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Electronic cash transfer delivery in Myanmar

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Assunta Sabia Catherine Salmon Maham Farhat Valentina Barca Thet Aung Lynn Shamim Zakaria

Social protection is becoming an increasingly important component of both strategic policy development and public expenditure in Myanmar. The National Social Protection Strategic Plan of 2014 has eight flagship programmes, of which four are cash transfers. The purpose of this assignment was to explore feasible means for digital delivery of social cash transfers in Myanmar; and recommend options for piloting (and subsequent scale-up) through government social protection schemes.

The assignment focused on the National Social Pension Programme implemented by Department of Social Welfare, Ministry of Social Welfare, Relief, and Resettlement (MSWRR) and analysed the feasibility of e-payments for delivering transfers in this programme. We also developed an action plan for HelpAge Myanmar to pilot and test e-payments for their Dry Zone Social Pension pilot in Myingyan Township (Mandalay Region).

Challenges

The MSWRR plays a key role in the extension of social protection systems, but needs to make policy choices that promote greater efficiency in a context of limited fiscal and human resource capacity. Achieving sustainable delivery mechanisms for cash transfers is challenging, given the relative weakness of government and social and financial institutions in Myanmar, and concerns over corruption and misuse.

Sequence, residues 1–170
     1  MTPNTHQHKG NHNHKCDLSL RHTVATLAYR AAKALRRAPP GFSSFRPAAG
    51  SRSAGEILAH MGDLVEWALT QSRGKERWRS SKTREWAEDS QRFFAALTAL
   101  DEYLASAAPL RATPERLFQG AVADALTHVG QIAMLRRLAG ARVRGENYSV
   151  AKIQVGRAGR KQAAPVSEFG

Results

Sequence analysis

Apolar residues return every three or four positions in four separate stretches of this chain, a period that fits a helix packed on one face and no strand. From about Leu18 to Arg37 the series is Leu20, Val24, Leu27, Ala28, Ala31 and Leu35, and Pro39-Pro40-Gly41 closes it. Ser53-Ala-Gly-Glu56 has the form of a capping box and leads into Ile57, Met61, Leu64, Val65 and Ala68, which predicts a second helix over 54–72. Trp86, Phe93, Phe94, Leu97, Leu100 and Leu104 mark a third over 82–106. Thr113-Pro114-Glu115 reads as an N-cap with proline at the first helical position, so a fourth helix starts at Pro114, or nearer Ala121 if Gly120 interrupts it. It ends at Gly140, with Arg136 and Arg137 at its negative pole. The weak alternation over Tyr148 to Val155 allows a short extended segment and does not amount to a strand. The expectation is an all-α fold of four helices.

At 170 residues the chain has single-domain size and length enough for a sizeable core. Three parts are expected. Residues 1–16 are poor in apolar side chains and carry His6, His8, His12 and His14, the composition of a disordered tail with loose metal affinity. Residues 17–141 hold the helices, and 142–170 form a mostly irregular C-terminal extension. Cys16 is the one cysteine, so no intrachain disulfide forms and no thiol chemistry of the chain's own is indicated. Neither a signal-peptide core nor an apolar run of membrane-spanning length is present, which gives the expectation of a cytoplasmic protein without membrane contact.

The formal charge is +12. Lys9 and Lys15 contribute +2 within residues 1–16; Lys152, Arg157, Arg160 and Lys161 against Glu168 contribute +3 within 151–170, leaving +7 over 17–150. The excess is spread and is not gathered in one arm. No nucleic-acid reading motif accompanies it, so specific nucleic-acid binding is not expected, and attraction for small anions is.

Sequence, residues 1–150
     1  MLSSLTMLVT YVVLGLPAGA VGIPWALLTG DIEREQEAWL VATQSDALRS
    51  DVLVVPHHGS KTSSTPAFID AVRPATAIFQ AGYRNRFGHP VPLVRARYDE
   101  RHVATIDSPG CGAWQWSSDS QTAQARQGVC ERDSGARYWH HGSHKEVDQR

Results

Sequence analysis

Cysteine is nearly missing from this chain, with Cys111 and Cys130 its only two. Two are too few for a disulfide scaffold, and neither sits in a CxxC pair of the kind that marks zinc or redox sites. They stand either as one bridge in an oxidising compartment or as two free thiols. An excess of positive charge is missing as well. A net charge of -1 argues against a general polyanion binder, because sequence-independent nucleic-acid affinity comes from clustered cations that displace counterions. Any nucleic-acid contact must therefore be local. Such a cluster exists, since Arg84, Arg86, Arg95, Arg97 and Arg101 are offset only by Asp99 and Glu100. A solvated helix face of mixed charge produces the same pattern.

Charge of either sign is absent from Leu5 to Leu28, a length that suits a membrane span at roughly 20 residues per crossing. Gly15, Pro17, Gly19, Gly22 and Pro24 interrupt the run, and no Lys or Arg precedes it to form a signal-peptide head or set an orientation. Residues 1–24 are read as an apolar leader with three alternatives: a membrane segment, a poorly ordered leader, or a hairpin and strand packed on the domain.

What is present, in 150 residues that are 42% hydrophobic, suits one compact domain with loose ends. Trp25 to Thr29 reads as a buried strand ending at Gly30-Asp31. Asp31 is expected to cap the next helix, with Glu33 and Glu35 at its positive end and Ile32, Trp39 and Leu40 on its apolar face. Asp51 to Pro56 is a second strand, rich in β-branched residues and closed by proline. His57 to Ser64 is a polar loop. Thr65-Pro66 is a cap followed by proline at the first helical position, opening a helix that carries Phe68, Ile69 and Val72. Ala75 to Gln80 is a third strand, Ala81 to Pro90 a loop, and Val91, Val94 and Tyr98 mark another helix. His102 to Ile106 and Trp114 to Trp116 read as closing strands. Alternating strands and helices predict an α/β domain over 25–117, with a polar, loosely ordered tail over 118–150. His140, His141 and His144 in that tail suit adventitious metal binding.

Whilst cash transfers are becoming increasingly important in Myanmar, their delivery mechanism typically remains manual (physical cash delivered by hand). Although manual payment has the advantages of simplicity and social interaction, it is labour intensive and poses risks related to leakage and delayed payment. Many other low- and middle-income countries use electronic or digital payment systems to deliver social payments. In recent years, an exponential growth in the coverage and take up of mobile phones in Myanmar, coupled with changes in regulation and increased market competition, have now allowed the possibility of exploring e-payments for social transfers.

Our approach

Our approach involved conducting a literature review of international examples in use of e-payments for social transfers, as well as extensive documentation review. This was complemented by a series on interviews with a range of public, private, and non-profit sector stakeholders in Yangon and Naypyitaw.

Outcomes

The final analytical report provides an overview of the ‘e-payments market’, highlighting the regulatory environment, payment service providers, and experiences of using e-payments in delivering social transfers in Myanmar. We focus on two payment mechanisms (manual and electronic) and assess their suitability in delivering the National Social Pension implemented by the Department of Social Welfare (DSW). The findings of this study will support HelpAge International in operationalising its pilot of e-payments to deliver social pensions in the Dry Zone in 2017. It should also support DSW in assessing the feasibility of e-payment options for cash transfer programmes, especially the National Social Pension Programme targeted at 90 years and above.